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Texas judge rules for cheerleaders in Bible banner suit
AUSTIN, Texas (AP) — A state judge stopped an East Texas school district on Thursday from barring cheerleaders from quoting Scripture on banners at high school football games, saying the policy appears to violate their free-speech rights.
District Judge Steve Thomas granted an injunction requested by the Kountze High School cheerleaders allowing them to continue displaying religious-themed banners pending the outcome of a lawsuit set to go to trial June 24, Texas Attorney General Greg Abbott said. Judge Thomas previously granted a temporary restraining order allowing the practice to continue.
School officials barred the cheerleaders from displaying banners with religious messages such as "If God is for us, who can be against us," after the Freedom From Religion Foundation complained. The advocacy group says the messages violate the First Amendment clause barring the government — or a publicly funded school district, in this case — from establishing or endorsing a religion.
Gov. Rick Perry and Mr. Abbott, both Republicans, spoke out in support of the cheerleaders on Wednesday. Mr. Perry appointed Judge Thomas to fill a vacancy on the 356th District Court, and he is running for election to continue in the post as a Republican.
Mr. Abbott also filed court papers to intervene in the lawsuit and sent state attorneys to support the cheerleaders' position that the district's ban violated their free-speech rights. The Texas Education Code also states that schools must respect the rights of students to express their religious beliefs.
"It is the individual speech of the cheerleaders and not in fact the government speaking," David Starnes, the cheerleaders' attorney said, according to KDFM television. "It is not just one girl or one person in the group that comes up with the quote, but it's on a rotating basis that each girl gets to pick the quote. That is their individual voices that are being portrayed on the banner."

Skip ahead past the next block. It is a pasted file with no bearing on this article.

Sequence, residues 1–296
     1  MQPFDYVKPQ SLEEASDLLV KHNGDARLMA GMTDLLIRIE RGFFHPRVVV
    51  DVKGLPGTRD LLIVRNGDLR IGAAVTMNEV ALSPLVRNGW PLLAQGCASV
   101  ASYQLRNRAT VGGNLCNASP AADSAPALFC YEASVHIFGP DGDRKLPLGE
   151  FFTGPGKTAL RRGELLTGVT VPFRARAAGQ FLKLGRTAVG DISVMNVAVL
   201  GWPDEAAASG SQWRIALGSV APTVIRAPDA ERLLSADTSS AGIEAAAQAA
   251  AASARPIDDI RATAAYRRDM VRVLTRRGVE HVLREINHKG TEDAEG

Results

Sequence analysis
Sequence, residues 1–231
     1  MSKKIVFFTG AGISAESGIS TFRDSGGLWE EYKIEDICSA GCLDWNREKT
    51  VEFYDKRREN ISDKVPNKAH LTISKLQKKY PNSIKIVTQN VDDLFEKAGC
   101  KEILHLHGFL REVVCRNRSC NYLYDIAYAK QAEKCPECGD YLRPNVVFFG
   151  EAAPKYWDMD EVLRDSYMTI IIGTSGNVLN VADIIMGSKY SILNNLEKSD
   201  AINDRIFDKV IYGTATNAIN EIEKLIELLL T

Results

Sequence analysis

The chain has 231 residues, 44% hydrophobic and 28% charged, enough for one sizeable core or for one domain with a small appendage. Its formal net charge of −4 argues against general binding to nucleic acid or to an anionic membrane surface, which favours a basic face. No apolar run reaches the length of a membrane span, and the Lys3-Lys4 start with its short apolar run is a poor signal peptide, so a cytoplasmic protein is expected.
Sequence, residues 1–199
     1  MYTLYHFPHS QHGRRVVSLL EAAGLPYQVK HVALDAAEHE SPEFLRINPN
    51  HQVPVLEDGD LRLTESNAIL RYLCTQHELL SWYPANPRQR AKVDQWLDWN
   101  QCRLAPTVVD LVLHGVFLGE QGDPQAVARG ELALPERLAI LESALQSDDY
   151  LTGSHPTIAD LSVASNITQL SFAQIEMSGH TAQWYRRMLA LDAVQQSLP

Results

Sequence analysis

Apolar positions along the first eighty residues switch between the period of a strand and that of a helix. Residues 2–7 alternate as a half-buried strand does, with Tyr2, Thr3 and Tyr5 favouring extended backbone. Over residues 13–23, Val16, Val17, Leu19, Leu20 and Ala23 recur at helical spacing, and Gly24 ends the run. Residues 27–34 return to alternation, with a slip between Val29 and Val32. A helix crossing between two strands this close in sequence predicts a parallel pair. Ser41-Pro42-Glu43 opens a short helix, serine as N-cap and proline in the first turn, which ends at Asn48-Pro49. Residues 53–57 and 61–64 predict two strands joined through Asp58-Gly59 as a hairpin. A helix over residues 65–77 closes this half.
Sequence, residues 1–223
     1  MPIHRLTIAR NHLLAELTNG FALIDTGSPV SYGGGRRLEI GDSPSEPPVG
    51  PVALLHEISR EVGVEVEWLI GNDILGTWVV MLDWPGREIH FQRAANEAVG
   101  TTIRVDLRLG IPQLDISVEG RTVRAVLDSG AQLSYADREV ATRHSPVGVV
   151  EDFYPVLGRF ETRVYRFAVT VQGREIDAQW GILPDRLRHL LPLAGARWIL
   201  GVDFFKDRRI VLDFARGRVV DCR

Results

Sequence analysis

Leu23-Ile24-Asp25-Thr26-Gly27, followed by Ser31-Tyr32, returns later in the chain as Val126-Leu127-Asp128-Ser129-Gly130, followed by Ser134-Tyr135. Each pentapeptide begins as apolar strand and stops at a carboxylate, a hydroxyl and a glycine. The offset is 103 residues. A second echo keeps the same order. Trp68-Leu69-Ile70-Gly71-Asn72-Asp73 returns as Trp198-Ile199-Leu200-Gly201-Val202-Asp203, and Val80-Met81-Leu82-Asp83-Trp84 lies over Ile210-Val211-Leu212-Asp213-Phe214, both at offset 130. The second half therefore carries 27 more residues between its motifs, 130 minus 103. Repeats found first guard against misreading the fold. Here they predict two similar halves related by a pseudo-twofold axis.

Thomas Brandt, the attorney representing the school district, said the superintendent had acted to comply within existing legal rulings.
The Freedom From Religion Foundation, which is dedicated to the separation of church and state, argued in the context of a football game it was unclear who was responsible for the messages, the school or the cheerleaders.
"The speech in question is government speech or, at a minimum, school-sponsored speech," the group said in court papers. "If the majority of the cheerleaders were atheists, would a court support their 'right' to hold up a banner insulting Christianity or all believers? The district has every right to simply prohibit all run-through and on-field banners."
Mr. Perry said Texans should encourage the cheerleaders.
"Anyone who is expressing their faith should be celebrated, from my perspective, in this day and age of instant gratification, this me-first culture that we see all too often," Mr. Perry said Wednesday. "We're a nation built on the concept of free expression of ideas. We're also a culture built on the concept that the original law is God's law, outlined in the Ten Commandments."
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